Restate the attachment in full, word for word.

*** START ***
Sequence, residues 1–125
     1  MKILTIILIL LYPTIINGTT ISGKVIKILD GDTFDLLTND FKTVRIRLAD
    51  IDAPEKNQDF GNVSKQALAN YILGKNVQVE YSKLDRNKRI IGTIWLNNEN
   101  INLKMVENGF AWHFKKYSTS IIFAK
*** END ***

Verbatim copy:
Sequence, residues 1–125
     1  MKILTIILIL LYPTIINGTT ISGKVIKILD GDTFDLLTND FKTVRIRLAD
    51  IDAPEKNQDF GNVSKQALAN YILGKNVQVE YSKLDRNKRI IGTIWLNNEN
   101  INLKMVENGF AWHFKKYSTS IIFAK